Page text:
Canadian airlines have been ordered to maintain two crew in the cockpit at all times, effective immediately, federal Transport Minister Lisa Raitt announced today.
"Currently, there is not the requirement to have two members in the [cockpit]," Raitt told reporters. "After this order, there will be a requirement to have two members."
"It could be a flight attendant. It could be a customer service person," she said. "But they have to be members of the cabin crew."
The move followed revelations that a Germanwings co-pilot apparently caused the crash of Flight 4U9525 after preventing the pilot from returning to the cockpit.
Air Canada and WestJet both said they were changing their policy to ensure that there are always two people in the cockpit on their flights. Air Transat, which also agreed to the two-person rule, admitted it didn't have a specific policy in place until now.
"Following initial reports on the Germanwings accident, we are implementing without delay a policy change to ensure that all flights have two people in the cockpit at all times," Air Canada said in a statement to CBC News.
Porter Airlines said it has always had a policy requiring "at least two crew in the flight deck at all times during flight."
'Rule of 2'
Many U.S. airlines already have a "rule of two" requiring that if one pilot leaves the cockpit another crew member, such as a flight attendant, must be in the cockpit as a replacement. But this is not an FAA requirement.
Lufthansa, owner of the downed Germanwings plane, does not have such a rule, nor is it required to follow such a practice.
Dominic Fouda, a spokesman for the European Aviation Safety Agency, told CBC News that it does not require two people in the cockpit at all times.
But as a matter of airline policy, several European airlines, including Finnair, do require two people to be in the cockpit when a flight is in the air. Norwegian Air Shuttle, Europe's third largest budget airline, announced Thursday it would also adopt a rule requiring two crew members to be present in the cockpit.
Norwegian spokeswoman Charlotte Holmbergh-Jacobsson said the new rules will be in place "as soon as possible" on all commercial flights globally.
As soon as it was learned that one of the pilots appeared to have been deliberately locked out of the cockpit of Germanwings Flight 4U9525 before it crashed, attention quickly turned to the security protocols relating to the cockpit door that separates the flight deck from the rest of the plane.
Those protocols have steadily evolved over the years, but it was one big event almost 15 years ago that changed everything – the Sept. 11 attacks.
Within weeks, the U.S. Federal Aviation Administration (FAA) had mandated new standards to strengthen cockpit doors to protect pilots from intrusion and small arms fire, even grenades. Most airlines, including Germanwings, reinforced their cockpit doors.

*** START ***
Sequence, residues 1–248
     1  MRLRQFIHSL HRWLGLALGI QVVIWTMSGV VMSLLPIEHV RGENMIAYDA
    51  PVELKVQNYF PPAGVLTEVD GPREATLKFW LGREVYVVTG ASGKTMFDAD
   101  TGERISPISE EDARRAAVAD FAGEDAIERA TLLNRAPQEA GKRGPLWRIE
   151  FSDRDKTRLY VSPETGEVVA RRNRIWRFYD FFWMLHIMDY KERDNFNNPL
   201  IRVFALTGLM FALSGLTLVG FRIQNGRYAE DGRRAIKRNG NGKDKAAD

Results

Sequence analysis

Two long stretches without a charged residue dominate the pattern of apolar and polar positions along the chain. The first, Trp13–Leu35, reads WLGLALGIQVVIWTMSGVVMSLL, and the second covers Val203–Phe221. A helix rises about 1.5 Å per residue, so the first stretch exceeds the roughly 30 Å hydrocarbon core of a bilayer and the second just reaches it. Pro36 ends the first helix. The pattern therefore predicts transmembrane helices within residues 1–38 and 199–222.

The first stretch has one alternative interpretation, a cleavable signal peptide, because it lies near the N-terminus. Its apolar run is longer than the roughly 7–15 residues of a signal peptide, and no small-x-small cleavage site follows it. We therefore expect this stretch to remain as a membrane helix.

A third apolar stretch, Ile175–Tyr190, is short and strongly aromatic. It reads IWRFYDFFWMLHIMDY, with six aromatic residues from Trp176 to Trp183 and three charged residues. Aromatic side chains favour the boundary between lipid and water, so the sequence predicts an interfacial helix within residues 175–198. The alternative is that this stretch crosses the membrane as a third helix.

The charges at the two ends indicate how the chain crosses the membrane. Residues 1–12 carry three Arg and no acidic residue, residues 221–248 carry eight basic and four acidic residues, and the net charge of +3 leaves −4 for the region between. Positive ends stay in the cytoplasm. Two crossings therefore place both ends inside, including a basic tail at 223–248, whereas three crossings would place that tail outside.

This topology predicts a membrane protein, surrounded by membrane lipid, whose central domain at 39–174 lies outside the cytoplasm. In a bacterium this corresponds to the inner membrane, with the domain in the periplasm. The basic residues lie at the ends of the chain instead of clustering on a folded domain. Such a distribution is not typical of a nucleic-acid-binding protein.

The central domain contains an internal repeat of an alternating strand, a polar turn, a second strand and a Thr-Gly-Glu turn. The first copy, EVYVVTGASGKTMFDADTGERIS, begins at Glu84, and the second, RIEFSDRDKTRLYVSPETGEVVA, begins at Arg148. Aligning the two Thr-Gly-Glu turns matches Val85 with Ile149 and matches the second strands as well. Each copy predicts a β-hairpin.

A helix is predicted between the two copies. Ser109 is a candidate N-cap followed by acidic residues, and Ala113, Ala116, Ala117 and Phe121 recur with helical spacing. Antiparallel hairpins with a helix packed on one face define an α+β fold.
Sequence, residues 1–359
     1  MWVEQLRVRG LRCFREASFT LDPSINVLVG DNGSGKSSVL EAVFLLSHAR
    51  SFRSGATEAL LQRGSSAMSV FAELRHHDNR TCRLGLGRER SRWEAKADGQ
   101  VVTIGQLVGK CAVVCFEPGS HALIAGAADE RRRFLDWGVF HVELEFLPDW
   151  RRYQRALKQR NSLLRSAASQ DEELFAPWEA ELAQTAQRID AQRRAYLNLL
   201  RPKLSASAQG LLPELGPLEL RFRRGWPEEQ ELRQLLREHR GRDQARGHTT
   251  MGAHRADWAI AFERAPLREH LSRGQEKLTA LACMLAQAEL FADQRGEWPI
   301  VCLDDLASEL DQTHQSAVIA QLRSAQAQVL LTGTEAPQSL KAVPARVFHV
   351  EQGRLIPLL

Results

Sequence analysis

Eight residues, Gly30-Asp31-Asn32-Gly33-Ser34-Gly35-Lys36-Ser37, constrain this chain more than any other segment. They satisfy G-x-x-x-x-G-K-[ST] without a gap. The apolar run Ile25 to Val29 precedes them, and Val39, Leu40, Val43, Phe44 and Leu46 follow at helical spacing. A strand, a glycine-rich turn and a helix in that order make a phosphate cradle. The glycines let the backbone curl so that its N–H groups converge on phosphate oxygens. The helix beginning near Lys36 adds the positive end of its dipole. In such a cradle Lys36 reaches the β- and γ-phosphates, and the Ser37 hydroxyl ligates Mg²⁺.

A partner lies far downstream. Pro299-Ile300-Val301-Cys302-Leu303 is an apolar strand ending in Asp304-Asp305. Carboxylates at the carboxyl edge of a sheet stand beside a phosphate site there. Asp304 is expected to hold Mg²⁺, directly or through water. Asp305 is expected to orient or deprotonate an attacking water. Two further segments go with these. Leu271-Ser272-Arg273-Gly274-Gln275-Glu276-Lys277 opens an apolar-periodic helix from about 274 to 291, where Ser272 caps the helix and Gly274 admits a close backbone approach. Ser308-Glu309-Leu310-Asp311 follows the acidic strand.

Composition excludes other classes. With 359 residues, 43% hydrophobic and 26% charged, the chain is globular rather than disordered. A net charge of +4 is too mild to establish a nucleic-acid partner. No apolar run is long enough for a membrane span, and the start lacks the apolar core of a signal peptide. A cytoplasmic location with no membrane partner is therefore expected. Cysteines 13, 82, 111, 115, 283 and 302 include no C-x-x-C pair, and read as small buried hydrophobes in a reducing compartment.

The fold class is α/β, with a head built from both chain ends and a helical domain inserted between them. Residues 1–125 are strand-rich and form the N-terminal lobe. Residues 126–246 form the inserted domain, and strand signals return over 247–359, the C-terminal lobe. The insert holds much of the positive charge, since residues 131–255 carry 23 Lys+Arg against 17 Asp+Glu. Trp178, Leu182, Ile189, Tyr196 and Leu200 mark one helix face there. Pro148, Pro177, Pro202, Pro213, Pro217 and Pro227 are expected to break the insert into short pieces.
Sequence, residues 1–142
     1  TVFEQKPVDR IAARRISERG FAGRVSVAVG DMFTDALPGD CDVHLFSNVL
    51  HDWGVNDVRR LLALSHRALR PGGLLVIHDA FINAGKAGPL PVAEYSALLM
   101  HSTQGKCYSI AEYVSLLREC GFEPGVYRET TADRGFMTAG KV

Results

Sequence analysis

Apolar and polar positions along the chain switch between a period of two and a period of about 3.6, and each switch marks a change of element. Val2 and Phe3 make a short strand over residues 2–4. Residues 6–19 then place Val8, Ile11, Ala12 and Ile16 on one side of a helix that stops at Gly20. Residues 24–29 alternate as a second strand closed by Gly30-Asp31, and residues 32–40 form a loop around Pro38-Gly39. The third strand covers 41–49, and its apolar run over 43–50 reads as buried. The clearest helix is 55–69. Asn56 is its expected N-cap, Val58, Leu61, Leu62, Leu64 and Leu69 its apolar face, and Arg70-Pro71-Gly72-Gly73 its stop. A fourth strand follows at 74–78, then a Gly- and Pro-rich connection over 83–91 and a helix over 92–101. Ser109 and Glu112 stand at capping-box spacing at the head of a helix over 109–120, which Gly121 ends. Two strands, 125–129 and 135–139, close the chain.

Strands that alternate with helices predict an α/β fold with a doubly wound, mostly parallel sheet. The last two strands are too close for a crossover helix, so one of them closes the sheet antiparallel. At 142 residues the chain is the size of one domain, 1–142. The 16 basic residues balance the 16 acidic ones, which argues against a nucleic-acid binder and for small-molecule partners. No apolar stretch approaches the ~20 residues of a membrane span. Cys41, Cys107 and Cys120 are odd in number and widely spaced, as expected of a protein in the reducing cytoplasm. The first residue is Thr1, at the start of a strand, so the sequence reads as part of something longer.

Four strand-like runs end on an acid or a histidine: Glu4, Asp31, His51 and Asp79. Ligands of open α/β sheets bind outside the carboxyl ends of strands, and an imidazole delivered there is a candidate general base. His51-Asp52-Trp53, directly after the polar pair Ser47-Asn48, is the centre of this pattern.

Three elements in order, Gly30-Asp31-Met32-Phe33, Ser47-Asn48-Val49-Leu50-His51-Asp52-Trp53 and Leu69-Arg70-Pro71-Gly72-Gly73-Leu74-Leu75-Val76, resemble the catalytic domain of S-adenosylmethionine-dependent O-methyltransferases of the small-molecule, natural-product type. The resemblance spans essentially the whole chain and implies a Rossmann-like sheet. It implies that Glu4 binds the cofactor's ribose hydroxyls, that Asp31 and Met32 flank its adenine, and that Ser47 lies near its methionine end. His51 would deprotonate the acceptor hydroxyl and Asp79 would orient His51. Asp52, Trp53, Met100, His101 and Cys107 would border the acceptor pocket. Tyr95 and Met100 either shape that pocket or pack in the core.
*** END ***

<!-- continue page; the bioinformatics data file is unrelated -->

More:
But fortifying those doors was just one part of the security upgrade. The FAA also required that cockpit doors remain locked during flight.
"The door will be designed to prevent passengers from opening it without the pilot’s permission," a 2002 FAA release said. "An internal locking device will be designed so that it can only be unlocked from inside the cockpit."
'The most plausible, realistic interpretation … is that the co-pilot … refused to open the door of the cabin to the captain.' — Brice Robin, French prosecutor
That's where things appear to have gone terribly wrong on board the Germanwings flight.
Airbus cockpit doors lock by default when they are closed. An Airbus training video shows that the A320 cockpit has procedural safeguards in place in the event that one pilot inside the cockpit becomes incapacitated while the other is outside, or if both pilots inside are incapacitated.
When one of the pilots leaves the cockpit, he or she can get back in by communicating by intercom or buzzer with the person inside. The inside person can peer through a peephole or use a camera feed to decide whether to allow that person to enter. If there is no answer to a request for access, the person outside can enter an emergency keycode to get access. If there is still no response, the door opens automatically 30 seconds later.
"There was always the opportunity to open the door from the inside and if that is not possible, then you can open the door from the outside via a code," German Transport Minister Alexander Dobrindt confirmed Thursday.
But the Airbus video says the person on the inside of the cockpit has the ability to specifically deny the emergency access request by pressing an override switch that causes the door to go into lockdown mode for five minutes. Lufthansa's CEO acknowledged that may be what the co-pilot did in this case.
"There is another code you can actually operate which will also lead to a bell ringing, and if nobody actually reacts, the door will open electrically and automatically, and this can be impeded by those in the cockpit by actually pressing a lever which says 'lock' and the doors will be closed for five minutes," Lufthansa CEO Carsten Spohr told a news conference.
"It seems to be true that the colleague who remained in the cockpit, the co-pilot, denied him access back into the cockpit in order to start the fatal descent in the French Alps," he said.
"The most plausible, realistic interpretation as far as we are concerned is that the co-pilot … refused to open the door of the cabin to the captain, and pressed the button which caused the aircraft to lose altitude," French prosecutor Brice Robin said.